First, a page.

Cover Me in Pretty Lies

Icarus Down — James Bow


To quote James Bow’s website:

I was born in downtown Toronto on April 19, 1972 and lived there until my folks moved up to Kitchener in 1991 so I could attend the University of Waterloo. I’ve lived in Kitchener ever since. I’ve been trained as an urban planner, and I’ve worked as a database manager, web designer, circulation manager, administrative assistant, layout designer, and office manager. The one consistent thing about my varied academic and professional career has been a love of writing.

Three generations ago, the colonists on the starship Icarus emerged from their final jump and found themselves plunged into disaster. The travellers had been promised a garden world. What they got was a hellworld whose electromagnetic environment killed electronics and where the sun was bright enough to burn unprotected skin. The fog-shielded lowlands seemed to offer a haven, … at least until the ticktock monsters attacked. The colonists were forced into refuges suspended between lethal sunlight and deadly monsters. Until now, they have survived.

Simon Daud wanted to be a pilot. Catastrophic equipment failure on his final test flight left Simon badly burned. His brother Isaac was killed outright.

Retrieved from the wreckage, Simon is given what therapy the colony still has available, then consigned to life as a low level communications officer. Instead of flying ornithopters, he services pneumatic tubes.

What happened to Simon and Isaac was tragic. It was also part of a greater pattern of failures. The colonists’ ingenious steampunk technology is increasingly unreliable. When it fails, their cities will be doomed.

A handful of extremists believe the only reasonable choice between “wait for the cities to fail as badly as did Simon’s airplane,” “relocate to the heights and be almost instantly burned alive,” or “settle the monster-filled lowlands” is the third option. Almost despite himself, Simon falls in with them.

It turns out there’s a fourth option: “find out who is deliberately engineering the failures and more importantly, why the saboteurs think this is a good idea.” And a fifth: “become the subject of a city-wide manhunt before getting trapped in the lowlands, waiting for the ticktock monsters to creep out of the fog….”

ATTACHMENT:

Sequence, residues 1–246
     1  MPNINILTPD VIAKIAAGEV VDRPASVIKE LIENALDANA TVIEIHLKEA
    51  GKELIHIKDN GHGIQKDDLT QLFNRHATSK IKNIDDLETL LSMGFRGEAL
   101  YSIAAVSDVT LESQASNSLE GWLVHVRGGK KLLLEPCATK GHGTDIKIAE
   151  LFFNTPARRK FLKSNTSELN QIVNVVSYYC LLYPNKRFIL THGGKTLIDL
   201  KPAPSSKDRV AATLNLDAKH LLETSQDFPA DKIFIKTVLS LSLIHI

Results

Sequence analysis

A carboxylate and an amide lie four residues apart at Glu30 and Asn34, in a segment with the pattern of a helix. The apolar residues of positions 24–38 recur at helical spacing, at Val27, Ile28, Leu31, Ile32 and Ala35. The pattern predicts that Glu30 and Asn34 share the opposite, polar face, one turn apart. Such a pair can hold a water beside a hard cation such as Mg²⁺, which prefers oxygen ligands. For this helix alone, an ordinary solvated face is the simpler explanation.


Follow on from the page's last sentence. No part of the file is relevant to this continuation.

I am not certain that this new world makes sense. It is just barely possible that we might see such a setting if we assume that the planet is on the cusp of going full-blown runaway greenhouse. Even then, I don’t see that the postulated temperature stratification could possibly happen.

The 72-year, 25,000 light-year journey the Icarus took suggests that human-habitable worlds are uncommon enough that even a pretty zippy space drive (able to cover Sol to Alpha Centauri in less than a week) takes decades to reach the nearest known world. If I’ve done the math right, there may be fewer than a dozen human-suitable worlds in the entire Milky Way [1].

It may seem unlikely to some readers that the colonists’ destination has complex life. Earth, after all, was populated by simple organisms for most of its existence. But Earth in the era before complex life would have been pretty hostile to us. Even post-Great Oxygenation Event, the Earth before the Cambrian Explosion would not have been an inviting target for human settlement. Rather than being an odd coincidence, the presence of complex life may be a prerequisite for human settlement. If complex life cannot flourish on a life-bearing world, then perhaps neither can we.

I think that the scarcity of even marginally habitable planets, and the immense distances between them, do explain why the colonists decided to stick it out on their new world. Even before the crash landing, it is not as if Icarus could just head to the next system when they found their new home had undocumented features. The choices were:

  • head back an Earth that was in bad shape the last time they saw it (as Earth always seems to be in stories like this);
  • make the best of the situation.

The specific methods they adopted were of course nasty but also predictable. Nothing says human like [rot13] trabpvqr.

It’s unfortunate for Simon that he’s a character in a young adult novel, because it’s a sure thing that even if he survives to the end of the book, many of his loved ones will not be so lucky. There is no guarantee that any of the people Simon befriends or falls in love with will make it to the end credits. In fact, the novel takes that a bit further; the narrative draws the reader’s attention to the fact the repercussions from decisions made decades ago will keep on playing out, that while today people may agree on peace and reconciliation, there is no guarantee they will make the same decision tomorrow. To quote Watchmen:

Adrian Veidt: […] It all worked out in the end.

Dr. Manhattan: ‘In the end’? Nothing ends, Adrian. Nothing ever ends.

While the author set his novel on another world, it’s all too clear which real life situations Bow had in mind (which situations, I will be coy about, as they are part of the explanation for the central mystery). At least it is to an adult readers; for some younger readers, this may be the first time they encounter these issues. Everyone starts somewhere….

Icarus Down is available here (Amazon) and here (Chapters-Indigo).

Note that that is, not .com.

Fee free to comment here.

1: As it turns out, [rot13 for huge spoiler] gurer ner npghnyyl gjb unovgnoyr jbeyqf va gur gnetrg flfgrz naq gur pbybavfgf raqrq hc ba gur jebat bar.

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